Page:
Initially, when Allen Iverson retired about three weeks ago, I didn’t think it was necessary to write about it since he hasn’t been on an NBA team in the last three seasons. His season in the Turkish professional league served as an indicator of the end of his playing days. Yet, his announcement is important. His retirement officially ends any chance of a return to the NBA. It gives his millions of fans some closure and some sort of acceptance to the fact that revolutionary players can’t stay revolutionary forever.
Iverson became a polarizing figure the moment he began to receive any media coverage. His personality and physical characteristics evoke a certain sense of divide. His tattoos, cornrows, and sense of confidence make for a figure who is never rattled by criticism. He never felt deterred to be himself despite all the other scrutiny he came under for his off-court antics including David Stern implementing a dress code for all NBA players because of Iverson’s wardrobe.
The first indication of this enigmatic athlete came when Iverson was a 17 year old star in 1993 in Hampton, Virginia. He and a group of friends went to a bowling alley and created a “raucous.” A verbal argument escalated into far more when punches began being thrown. The altercation is believed to have been stemmed by the use of pejorative and racist remarks directed towards Iverson and his group. This event made national headlines for two reasons. First, it was a racial altercation and second, at the time Iverson was the best high school basketball player in the country. Though the real reason will never be known for the fight, Iverson was sentenced to 15 years in prison for his part in that fight on that February night. The fact that only Iverson and his group of black friends were arrested is noteworthy and was very controversial at the time of the court proceedings. Fortunately, Iverson only had to spend four months in jail before the governor of Virginia pardoned him.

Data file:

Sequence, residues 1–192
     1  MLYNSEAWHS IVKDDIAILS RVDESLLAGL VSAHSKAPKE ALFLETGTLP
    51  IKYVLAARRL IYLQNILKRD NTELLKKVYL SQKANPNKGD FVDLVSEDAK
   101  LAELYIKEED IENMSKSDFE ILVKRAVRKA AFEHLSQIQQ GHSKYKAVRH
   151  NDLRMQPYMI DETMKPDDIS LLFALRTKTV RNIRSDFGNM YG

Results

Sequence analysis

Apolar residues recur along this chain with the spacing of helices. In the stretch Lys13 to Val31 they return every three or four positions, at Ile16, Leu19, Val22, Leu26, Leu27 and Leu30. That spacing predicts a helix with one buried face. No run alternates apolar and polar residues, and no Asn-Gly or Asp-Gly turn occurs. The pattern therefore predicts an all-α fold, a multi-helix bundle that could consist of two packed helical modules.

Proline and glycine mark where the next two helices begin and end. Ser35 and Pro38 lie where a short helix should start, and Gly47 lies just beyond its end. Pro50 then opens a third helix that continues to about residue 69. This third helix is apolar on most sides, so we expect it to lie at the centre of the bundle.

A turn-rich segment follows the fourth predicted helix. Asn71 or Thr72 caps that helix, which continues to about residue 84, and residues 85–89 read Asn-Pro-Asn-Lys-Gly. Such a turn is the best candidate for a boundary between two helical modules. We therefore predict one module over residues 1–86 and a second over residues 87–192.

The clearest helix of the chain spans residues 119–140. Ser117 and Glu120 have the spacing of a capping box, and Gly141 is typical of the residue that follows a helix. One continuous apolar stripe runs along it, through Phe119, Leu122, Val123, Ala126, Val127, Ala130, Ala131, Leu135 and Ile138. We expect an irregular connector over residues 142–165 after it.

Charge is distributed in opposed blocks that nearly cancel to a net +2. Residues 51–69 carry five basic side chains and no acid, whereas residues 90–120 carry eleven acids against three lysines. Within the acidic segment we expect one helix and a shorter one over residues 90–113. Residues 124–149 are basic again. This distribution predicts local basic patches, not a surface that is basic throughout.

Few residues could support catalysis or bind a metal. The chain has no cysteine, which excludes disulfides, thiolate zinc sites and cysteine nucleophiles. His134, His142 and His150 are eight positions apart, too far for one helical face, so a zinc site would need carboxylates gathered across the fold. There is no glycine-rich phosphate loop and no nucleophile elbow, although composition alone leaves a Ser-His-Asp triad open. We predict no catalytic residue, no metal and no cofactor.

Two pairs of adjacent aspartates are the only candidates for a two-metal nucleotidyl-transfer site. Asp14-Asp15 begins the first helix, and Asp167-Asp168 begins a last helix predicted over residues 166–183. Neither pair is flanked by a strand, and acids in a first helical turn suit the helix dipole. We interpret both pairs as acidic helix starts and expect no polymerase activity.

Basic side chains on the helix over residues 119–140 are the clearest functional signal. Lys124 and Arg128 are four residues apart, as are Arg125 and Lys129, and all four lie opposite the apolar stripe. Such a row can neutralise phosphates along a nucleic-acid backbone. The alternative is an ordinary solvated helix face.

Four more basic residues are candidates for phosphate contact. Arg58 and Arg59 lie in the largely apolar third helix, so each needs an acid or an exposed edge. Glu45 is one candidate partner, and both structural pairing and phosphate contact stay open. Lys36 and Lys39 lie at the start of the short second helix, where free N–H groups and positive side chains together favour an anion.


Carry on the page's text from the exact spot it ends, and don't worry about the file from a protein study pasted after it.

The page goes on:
Despite his prison term, head coach John Thompson was willing to offer him a spot at Georgetown. During this time in college, NBA scouts discovered Iverson’s brilliance as a game changer. For Iverson, two years of college basketball was enough to prove to NBA teams that he could play amongst all the talent in the NBA. As a Hoya, he won the Big East Rookie of the Year, First Team All American, and set the team record for scoring average, a record that still stands. Everything he accomplished on the basketball court was done with a sense of swagger though. His fashion sense became trendy. His Georgetown Hoya uniform and Jordan sneakers became an iconic image of basketball throughout the 1990s.
Iverson became the first 6’0 player to be drafted #1 overall when he was drafted by the Philadelphia 76ers in 1996 from a talented pool filled with Stephon Marbury, Ray Allen, Kobe Bryant, and Steve Nash. This draft class would later be responsible for a grand total of four MVP awards and numerous records. Critics of his called this pick a terrible one because of the lack of maturity on Iverson’s part. He was now a professional athlete, he needed to start acting like one. But, this idea of successfully transitioning into a more mature media character never came to fruition for Iverson. It didn’t matter though, because this “bad ass” attitude was thought of as cool and something which was responsible for Iverson’s popularity amongst all young players.